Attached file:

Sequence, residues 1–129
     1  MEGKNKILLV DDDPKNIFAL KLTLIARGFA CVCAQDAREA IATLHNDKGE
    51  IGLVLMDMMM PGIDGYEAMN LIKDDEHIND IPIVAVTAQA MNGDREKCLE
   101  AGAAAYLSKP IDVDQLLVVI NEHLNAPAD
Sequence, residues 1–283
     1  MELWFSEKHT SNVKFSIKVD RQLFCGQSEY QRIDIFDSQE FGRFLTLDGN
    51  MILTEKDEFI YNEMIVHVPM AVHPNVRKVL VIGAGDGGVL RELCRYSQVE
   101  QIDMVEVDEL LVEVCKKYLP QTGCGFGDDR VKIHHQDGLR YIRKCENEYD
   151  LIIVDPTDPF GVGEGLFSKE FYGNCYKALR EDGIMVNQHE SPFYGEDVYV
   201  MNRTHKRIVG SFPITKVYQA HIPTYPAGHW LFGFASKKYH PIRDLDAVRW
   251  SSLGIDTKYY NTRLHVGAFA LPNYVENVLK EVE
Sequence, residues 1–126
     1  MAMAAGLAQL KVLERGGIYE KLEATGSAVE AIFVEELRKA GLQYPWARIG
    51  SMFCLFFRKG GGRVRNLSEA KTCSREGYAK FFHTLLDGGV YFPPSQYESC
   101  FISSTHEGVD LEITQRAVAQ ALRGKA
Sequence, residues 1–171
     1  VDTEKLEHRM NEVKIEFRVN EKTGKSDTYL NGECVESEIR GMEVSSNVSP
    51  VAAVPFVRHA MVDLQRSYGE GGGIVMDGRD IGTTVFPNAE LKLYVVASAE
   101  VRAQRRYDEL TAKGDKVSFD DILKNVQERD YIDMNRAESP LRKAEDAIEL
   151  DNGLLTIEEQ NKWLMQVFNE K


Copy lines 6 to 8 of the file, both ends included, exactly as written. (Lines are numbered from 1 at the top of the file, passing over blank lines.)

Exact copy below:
     1  MELWFSEKHT SNVKFSIKVD RQLFCGQSEY QRIDIFDSQE FGRFLTLDGN
    51  MILTEKDEFI YNEMIVHVPM AVHPNVRKVL VIGAGDGGVL RELCRYSQVE
   101  QIDMVEVDEL LVEVCKKYLP QTGCGFGDDR VKIHHQDGLR YIRKCENEYD